Object Detection

Computer Vision (CV) is a scientific field that researches software systems trained to extract information from visual data, analyze it, and draw conclusions based on the analysis. The area consists of so-called CV or vision AI tasks. Each task is unique and incorporates techniques and heuristics for acquiring, processing, analyzing, and understanding the data and extracting various details from it. One of these tasks is Object Detection. On this page, we will:

  • Understand the basics of the Object Detection field in Machine Learning;

  • Cover in-depth the Object Detection vision AI task;

  • See how Object Detection compares with Object Localization;

  • Research the real-life applications of Object Detection;

  • Cover some popular Object Detection datasets and SOTA results on them;

  • See features that Hasty offers for streamlining an Object Detection task.

Let’s jump in.

Object Detection (OD) is a Computer Vision Supervised Learning task that aims to locate and classify every object of the target classes presented in an image. So, you can view OD as a combination of Localization and Classification tasks.

Supervised learning is a learning approach that suggests training an ML algorithm on labeled data annotated for a specific output.
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OD lives only in the vision AI field, meaning that the only data asset used to solve an Object Detection task is visual data - images. You can argue that you can also apply Object Detection to videos, but in most cases, Data Scientists view videos as a series of frames and work with each frame separately. So, if you want to work on an OD project, you are most likely to work with distinct images.

Anyway, the general Object Detection algorithm is as follows:

  1. You take some prelabeled data as training input for your model. These annotations must include:

    1. Rectangular Bounding Box localizing an object;

    2. Target class label assigned to each Bounding Box.

  2. As a prediction output, you get a set of Bounding Boxes ((x, y) coordinates, width, and height of each rectangle) and a predicted class with a confidence score for each Bounding Box.

Speaking about how Object Detection compares with other vision AI tasks, there are several moments to highlight:

  • In comparison to Semantic Segmentation, Object Detection models can identify distinct objects of target classes and count the number of them in an image;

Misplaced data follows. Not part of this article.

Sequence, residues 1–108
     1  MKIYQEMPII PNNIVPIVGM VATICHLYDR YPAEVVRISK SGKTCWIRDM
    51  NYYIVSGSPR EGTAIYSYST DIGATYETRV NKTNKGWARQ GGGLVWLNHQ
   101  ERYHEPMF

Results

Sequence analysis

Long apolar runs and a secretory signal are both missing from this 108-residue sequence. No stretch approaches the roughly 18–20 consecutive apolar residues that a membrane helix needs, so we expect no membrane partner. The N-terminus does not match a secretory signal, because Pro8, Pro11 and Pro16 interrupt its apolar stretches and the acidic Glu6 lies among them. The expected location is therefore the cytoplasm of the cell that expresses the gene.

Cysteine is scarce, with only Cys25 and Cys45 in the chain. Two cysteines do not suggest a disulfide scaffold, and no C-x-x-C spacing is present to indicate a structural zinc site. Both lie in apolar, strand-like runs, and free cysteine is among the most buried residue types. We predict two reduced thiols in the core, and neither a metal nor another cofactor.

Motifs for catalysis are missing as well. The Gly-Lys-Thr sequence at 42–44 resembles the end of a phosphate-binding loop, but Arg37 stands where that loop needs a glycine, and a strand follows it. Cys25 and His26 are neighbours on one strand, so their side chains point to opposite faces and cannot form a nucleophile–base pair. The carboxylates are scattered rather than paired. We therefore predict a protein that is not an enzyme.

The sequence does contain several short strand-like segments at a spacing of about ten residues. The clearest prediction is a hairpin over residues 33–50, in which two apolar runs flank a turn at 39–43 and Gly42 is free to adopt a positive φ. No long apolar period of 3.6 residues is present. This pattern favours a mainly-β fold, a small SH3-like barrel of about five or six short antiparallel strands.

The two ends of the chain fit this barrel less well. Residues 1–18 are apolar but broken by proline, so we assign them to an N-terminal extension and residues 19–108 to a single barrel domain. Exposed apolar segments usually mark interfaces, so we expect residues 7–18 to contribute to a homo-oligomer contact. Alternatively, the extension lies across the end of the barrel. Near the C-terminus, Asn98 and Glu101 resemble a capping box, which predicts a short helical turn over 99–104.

• Bounding Box will inevitably contain more noise than a segmentation mask unless you have only rectangular objects to label. This will negatively affect the model’s performance, so if you think it is a problem and want to minimize the influence, please opt for the Instance Segmentation task;

  • Object Detection is a less demanding task than Image Segmentation ones like Instance, Semantic, and Panoptic Segmentation, so OD should require less time, money, computational resources, and labeling effort.

Object Detection Vs. Object Localization

In some academic papers, you might come across such a term as Object Localization. It is usually used in the same environment as Object Detection, so many people think they are synonyms and can be used interchangeably. This is wrong. Let’s put everything in its place.

The devil is in slight details, and the difference comes to the definition of these tasks. Object Detection and Object Localization are alike, but OD is unsure of the exact number of objects in an image.

In the Object Localization case, you will always have a picture with N objects. For example, N is two, and the target classes are Cat and Dog. In this case, images for an Object Localization task might look like follows:

  • An image with one cat and one dog;

  • An image with two dogs;

  • An image with two cats.

Knowing the exact amount of outputs you need to predict makes a task and the approaches to solving it more straightforward. Unfortunately, in real life, in the majority of cases, you can not be sure of the number of objects in the picture. That is where Object Detection comes in. In the OD case, there is no N, and many objects of different target classes might be in the picture. Therefore, you do not know how many objects you would have to predict in advance.

From our experience, we cannot say that Object Detection is a prevalent Computer Vision task on the market, as Image Segmentation tasks simply give a more holistic output. Still, there is room for Object Detection to be proper in many tasks across various industries. Some of the most notable Object Detection real-life applications include:

  • Face and people detection (in video surveillance and face recognition systems, supermarkets, public transport, and other crowded places);